440 Huntington Avenue
328 West Village H
Boston, MA 02115
ATTN: Amal Ahmed, 202 WVH
360 Huntington Avenue
Boston, MA 02115
- Programming languages, particularly semantics and type systems for reasoning about imperative code, concurrency, security, compiler transformations, and provenance
- Correct and secure compilation, gradual typing, and safe language interoperability
- PhD in Computer Science, Princeton University
- MS in Computer Science, Stanford University
- AB in Computer Science & Economics, Brown University
Amal Ahmed is an associate professor of computer science at Northeastern University. Prior to joining Northeastern, she was an assistant professor at the School of Informatics and Computing at Indiana University (2009-2011), a research assistant professor at the Toyota Technological Institute at Chicago (2006-2009), and a postdoctoral fellow at Harvard University (2004-2006). She received her PhD from Princeton University in 2004.
Ahmed’s research involves programming languages and compiler verification with a focus on type systems, semantics, secure compilation, gradual typing, and software contracts. She is known for her work scaling the logical relations proof method to realistic languages with features such as memory allocation and mutation, objects, and concurrency. This development led to wide use of the technique for correctness of compiler transformations, soundness of advanced type systems, and verification of fine-grained concurrent data structures. Ahmed recently developed the first proof architecture for verifying multi-pass compilers in the presence of inter-language linking of compiled code.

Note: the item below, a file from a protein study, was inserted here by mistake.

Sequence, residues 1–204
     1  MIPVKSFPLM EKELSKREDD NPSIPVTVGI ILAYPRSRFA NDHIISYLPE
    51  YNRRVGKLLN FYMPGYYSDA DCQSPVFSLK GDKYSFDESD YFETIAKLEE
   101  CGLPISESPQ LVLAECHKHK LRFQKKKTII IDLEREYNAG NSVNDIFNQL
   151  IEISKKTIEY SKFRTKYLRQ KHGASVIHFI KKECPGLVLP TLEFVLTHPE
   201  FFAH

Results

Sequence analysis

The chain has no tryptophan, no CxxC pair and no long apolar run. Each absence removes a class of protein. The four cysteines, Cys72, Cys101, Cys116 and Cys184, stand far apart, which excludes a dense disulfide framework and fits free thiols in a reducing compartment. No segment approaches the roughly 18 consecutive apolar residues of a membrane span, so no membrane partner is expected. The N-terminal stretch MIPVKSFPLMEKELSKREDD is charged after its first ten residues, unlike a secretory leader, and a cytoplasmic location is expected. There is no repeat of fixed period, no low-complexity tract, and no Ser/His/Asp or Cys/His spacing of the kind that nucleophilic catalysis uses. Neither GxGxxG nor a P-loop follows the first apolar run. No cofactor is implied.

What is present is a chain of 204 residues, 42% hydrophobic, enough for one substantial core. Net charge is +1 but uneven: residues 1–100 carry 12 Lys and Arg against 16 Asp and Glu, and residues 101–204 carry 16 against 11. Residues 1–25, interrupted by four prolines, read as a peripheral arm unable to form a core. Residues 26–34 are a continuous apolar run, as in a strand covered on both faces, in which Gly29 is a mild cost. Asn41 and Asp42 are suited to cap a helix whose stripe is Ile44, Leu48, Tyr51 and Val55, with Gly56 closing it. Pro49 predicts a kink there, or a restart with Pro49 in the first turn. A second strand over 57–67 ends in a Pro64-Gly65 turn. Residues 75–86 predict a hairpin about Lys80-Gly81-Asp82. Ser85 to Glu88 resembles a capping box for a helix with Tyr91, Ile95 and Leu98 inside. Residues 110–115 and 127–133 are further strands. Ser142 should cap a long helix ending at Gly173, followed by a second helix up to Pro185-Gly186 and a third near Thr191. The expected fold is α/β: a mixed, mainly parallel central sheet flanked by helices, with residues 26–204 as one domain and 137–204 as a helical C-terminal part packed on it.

Ahmed has served on numerous program committees in her field of programming languages, including ACM SIGPLAN Symposium on Principles of Programming Languages, ACM SIGPLAN International Conference on Functional Programming, IEEE Symposium on Logic in Computer Science, and the European Symposium on Programming. She has been a regular invited lecturer at the annual Oregon Programming Languages Summer School and twice served as co-organizer. She is a member of IFIP WG 2.8 (Working Group on Functional Programming) and has served on the steering committees of ACM SIGPLAN International Conference on Functional Programming, Programming Languages Mentoring Workshop, and ACM SIGPLAN Workshop on Types in Language Design and Implementation.
Her awards include an NSF Career Award, a Google Faculty Research Award, and a George Van Ness Lothrop Fellowship.